Last weekend we had a couple over for dinner and as my friend was coming in she pressed a bag into my hand. “I think you’ll like this. I wonder if you have seen it. Hitchcock. The film is great, but I think you will get a kick out of the set decoration.”
I assumed I had seen it, but I was thrilled at the gesture. This is the kind of hostess gift that could inspire a dinner party all on its own. But after the guests were gone and the dishes were rinsed (I only rinse at night; the washing comes the next day) I opened the bag – I love presents – and was delighted to find Dial M for Murder.
I hadn’t seen it and neither had Mr. Blandings, so we popped it in the DVD player the following night. Hitchcock is such a delight. He was a thinking man’s director as you have to pay attention and the nuances of his films are so engaging. Like a skilled dance partner, he leads you through the story but does not feel the need to push or drag.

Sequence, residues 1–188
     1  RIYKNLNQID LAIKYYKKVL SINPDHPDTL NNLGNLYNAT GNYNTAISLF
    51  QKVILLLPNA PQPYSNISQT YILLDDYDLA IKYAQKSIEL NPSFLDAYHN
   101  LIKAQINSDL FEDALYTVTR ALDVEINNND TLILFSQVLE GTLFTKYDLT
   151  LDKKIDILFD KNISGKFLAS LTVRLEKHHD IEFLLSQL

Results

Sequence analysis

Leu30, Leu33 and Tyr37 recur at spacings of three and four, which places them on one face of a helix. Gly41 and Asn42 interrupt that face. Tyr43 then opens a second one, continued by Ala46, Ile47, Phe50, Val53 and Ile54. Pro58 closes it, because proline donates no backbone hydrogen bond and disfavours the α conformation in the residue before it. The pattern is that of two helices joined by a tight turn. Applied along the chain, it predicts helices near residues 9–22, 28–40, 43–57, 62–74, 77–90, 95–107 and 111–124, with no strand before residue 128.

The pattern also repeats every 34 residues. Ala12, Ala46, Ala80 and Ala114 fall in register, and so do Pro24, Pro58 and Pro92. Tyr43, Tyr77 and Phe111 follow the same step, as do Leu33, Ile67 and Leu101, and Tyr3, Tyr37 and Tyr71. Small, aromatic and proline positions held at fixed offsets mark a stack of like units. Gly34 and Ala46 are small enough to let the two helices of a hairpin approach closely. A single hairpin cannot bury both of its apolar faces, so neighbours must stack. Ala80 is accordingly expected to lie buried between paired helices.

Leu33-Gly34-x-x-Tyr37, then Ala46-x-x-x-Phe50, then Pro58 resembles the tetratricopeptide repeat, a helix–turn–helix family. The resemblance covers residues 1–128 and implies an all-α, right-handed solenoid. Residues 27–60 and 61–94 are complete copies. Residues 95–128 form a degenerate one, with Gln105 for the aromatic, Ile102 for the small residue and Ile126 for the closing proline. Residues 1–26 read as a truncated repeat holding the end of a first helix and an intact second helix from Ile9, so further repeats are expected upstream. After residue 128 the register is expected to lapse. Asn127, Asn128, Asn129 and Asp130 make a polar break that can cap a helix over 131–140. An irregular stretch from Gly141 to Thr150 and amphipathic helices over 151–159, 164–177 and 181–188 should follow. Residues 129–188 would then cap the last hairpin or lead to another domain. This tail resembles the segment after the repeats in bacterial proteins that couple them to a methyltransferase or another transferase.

The film takes place in the London flat of Margot and Tony Wendice played by Grace Kelly and Ray Millard. The set is heaven. An Anglophile’s dream. The walls and trim are a creamy yellow or a yellowy cream depending on how you choose to describe it. The woodwork is detailed and lovely. Chinese ceramics add interest in lamps and objets.
No surprise I adored the chintz sofa with the contrasting red welt. Oh my. And the linen velvet armchair might be reason alone to off your spouse if you thought it might end up it the possession of a lover.
Hitchcock was so conscious of detail. Kelly wore bright colors at the beginning of the film at his direction; her wardrobe transitioned to progressively more somber tones as the story unfolds.
The curtains and shutters play a major role in the plot and are beautifully crafted under the skillful eye of set decorator George James Hopkins. Hopkins had an impressive career. He was set decorator for sixty-six movies including Casablanca, Auntie Mame, My Fair Lady, Wait Until Dark and Hello, Dolly!
So my friend was right and I adored the movie and the sets. I hope they will come back and not just because they bring charming gifts. The dinner went well as we had a fun crew and the food was fabulous as Mr. Blandings cooked. Mr. Blandings always cooks. We are trying to avoid the sort of review Tony tosses to Margot, “I’m so glad we don’t have to go…; she’s such a filthy cook.”
Images courtesy of Grace Kelly Online.